# Find the solution to the given differential equation

I am trying to find the general solution to the system $$x' = Ax + at$$ where,

$$A = \begin{pmatrix} 1 & -1\\ 9 & 1 \end{pmatrix}$$

and $$a = \begin{pmatrix} -1\\ 1 \end{pmatrix}$$

I began by finding the eigenvectors and eigenvalues of $$A$$ and got the eigevalues $$\lambda = 1 \pm 3i$$ to correspond to the eigenvectors $$\begin{pmatrix} i\\ 3 \end{pmatrix}$$ and $$\begin{pmatrix} i\\ -3 \end{pmatrix}$$

I am confused about how to proceed to finding the final solution here. Any guidance is greatly appreciated!

• Hint: variation of constant. Commented May 6, 2021 at 3:08
• Thank you @Moo - I wasn't familiar with applying these methods to matrices. Solved it!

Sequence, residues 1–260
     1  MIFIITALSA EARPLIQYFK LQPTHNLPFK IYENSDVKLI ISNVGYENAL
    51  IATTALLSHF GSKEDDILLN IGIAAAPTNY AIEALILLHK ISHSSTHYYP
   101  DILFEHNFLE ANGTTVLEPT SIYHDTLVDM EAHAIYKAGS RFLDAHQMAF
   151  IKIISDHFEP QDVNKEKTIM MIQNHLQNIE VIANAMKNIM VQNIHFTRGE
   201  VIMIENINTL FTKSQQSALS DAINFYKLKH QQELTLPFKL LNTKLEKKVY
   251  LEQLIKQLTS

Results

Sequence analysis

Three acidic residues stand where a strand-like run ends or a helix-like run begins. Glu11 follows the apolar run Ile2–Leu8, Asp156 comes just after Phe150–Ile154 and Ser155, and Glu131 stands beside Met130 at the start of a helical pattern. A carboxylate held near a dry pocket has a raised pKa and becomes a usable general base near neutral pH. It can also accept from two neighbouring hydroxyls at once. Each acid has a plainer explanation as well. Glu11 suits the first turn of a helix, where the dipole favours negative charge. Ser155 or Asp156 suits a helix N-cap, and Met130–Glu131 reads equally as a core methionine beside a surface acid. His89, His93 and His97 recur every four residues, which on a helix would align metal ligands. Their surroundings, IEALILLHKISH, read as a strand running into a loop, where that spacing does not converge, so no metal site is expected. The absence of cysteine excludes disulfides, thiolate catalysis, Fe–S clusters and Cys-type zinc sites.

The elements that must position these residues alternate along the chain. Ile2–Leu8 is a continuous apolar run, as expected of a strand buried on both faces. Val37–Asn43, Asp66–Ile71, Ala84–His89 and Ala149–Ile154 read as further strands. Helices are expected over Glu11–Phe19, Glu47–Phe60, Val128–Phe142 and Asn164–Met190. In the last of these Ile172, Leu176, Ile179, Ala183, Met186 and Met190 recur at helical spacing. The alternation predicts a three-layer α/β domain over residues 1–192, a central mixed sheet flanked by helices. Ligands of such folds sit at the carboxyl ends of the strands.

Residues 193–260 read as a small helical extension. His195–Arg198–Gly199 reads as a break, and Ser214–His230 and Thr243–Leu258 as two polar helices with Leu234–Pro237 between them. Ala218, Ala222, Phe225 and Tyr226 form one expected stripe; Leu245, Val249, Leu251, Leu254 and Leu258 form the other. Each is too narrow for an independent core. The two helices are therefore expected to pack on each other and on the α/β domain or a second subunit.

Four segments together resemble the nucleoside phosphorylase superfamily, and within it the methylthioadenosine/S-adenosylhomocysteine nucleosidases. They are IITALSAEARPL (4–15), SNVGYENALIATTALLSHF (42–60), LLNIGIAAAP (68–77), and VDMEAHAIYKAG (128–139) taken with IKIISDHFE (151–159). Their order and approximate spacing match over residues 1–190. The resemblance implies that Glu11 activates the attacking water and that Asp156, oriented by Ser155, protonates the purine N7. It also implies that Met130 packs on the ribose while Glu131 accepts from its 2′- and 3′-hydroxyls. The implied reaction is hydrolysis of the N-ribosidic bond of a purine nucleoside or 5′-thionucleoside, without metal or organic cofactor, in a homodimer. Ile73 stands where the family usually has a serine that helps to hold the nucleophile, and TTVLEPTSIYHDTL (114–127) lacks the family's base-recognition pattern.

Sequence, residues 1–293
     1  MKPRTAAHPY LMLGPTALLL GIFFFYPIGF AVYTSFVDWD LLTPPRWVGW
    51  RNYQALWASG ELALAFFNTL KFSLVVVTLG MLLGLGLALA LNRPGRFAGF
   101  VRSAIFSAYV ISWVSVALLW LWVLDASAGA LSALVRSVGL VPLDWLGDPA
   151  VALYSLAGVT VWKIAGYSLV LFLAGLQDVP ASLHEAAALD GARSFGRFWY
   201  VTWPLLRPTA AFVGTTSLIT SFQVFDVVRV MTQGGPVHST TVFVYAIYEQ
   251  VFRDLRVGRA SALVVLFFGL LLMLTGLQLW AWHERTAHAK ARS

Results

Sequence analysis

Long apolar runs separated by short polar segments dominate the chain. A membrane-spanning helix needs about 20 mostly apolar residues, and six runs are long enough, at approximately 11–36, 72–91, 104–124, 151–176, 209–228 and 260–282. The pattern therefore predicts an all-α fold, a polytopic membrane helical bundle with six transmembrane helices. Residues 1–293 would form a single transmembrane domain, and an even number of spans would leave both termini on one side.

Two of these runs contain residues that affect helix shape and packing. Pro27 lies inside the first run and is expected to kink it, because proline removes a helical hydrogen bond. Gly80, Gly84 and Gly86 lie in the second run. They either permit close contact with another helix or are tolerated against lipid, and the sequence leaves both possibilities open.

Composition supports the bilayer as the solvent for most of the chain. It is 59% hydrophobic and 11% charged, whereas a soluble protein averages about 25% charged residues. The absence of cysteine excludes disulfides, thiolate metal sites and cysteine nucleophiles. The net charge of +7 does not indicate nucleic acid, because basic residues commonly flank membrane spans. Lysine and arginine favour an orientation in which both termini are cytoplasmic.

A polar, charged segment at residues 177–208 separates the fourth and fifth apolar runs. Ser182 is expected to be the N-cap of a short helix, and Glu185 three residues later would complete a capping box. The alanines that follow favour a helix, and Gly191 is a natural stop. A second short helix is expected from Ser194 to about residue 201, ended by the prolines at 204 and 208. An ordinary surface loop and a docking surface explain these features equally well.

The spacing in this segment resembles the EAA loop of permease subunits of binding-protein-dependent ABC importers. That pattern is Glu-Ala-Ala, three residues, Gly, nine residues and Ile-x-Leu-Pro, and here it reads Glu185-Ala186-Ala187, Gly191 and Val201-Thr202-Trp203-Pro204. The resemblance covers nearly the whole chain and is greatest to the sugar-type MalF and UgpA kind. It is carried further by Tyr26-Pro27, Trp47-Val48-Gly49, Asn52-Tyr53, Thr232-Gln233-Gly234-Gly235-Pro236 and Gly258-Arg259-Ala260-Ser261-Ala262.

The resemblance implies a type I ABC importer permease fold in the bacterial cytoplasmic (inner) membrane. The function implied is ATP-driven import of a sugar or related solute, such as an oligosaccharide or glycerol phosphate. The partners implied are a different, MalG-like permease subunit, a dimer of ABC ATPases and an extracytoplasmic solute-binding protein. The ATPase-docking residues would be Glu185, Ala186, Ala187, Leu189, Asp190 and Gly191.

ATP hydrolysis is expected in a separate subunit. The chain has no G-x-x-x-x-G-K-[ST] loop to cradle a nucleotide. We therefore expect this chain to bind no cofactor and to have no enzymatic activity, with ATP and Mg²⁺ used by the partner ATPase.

– user815455
Commented May 6, 2021 at 3:29
• Thanks @newbie - your hint helped me solve the problem! I really appreciate it.
– user815455
Commented May 6, 2021 at 3:30

Typically, the general method of solving such problems is the Laplace transform which yields $$x'=Ax+at\implies sx-x(0)=Ax+L(at)\implies (sI-A)x=x(0)+L(at)\implies x=(sI-A)^{-1}(x(0)+L(at)) .$$ In our case, $$x{= \begin{bmatrix} s-1&1\\-9&s-1 \end{bmatrix}^{-1} (x(0)+L(at)) \\ =\begin{bmatrix} \frac{s-1}{(s-1)^2+9}&-\frac{1}{(s-1)^2+9}\\\frac{9}{(s-1)^2+9}&\frac{s-1}{(s-1)^2+9} \end{bmatrix} (x(0)+L(at)) }.$$ If out experiment starts at $$t=0$$, we can substitute $$t$$ with $$r(t)$$ which is the ramp function with the Laplace transform of $$\frac{1}{s^2}$$. Hence $$x =\begin{bmatrix} \frac{s-1}{(s-1)^2+9}&-\frac{1}{(s-1)^2+9}\\\frac{9}{(s-1)^2+9}&\frac{s-1}{(s-1)^2+9} \end{bmatrix} \begin{bmatrix} x_1(0)+\frac{a}{s^2}\\ x_2(0)+\frac{a}{s^2} \end{bmatrix}$$